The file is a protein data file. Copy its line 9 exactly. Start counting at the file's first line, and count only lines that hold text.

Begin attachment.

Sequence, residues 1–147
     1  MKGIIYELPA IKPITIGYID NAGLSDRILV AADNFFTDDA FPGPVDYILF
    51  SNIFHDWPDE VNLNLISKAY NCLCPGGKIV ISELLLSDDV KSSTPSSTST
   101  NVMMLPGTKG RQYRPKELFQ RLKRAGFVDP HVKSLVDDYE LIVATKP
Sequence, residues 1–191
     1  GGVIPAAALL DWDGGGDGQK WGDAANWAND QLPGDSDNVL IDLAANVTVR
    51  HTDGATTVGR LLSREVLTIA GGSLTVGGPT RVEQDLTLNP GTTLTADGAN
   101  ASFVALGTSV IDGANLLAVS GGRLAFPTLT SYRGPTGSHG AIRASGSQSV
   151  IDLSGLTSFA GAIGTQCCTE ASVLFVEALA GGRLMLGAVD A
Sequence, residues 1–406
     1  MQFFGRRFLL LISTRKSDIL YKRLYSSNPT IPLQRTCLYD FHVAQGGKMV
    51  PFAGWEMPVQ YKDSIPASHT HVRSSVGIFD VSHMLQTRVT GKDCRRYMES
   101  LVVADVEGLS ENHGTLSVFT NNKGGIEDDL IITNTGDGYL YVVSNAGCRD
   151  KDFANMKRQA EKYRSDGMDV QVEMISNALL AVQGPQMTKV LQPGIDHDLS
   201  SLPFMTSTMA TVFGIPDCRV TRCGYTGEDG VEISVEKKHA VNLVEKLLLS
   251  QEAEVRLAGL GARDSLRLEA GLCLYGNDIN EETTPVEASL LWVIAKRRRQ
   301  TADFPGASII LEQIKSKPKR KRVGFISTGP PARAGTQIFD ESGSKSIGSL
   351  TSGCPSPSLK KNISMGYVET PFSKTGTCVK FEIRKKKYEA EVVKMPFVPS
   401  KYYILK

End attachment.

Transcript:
   151  IDLSGLTSFA GAIGTQCCTE ASVLFVEALA GGRLMLGAVD A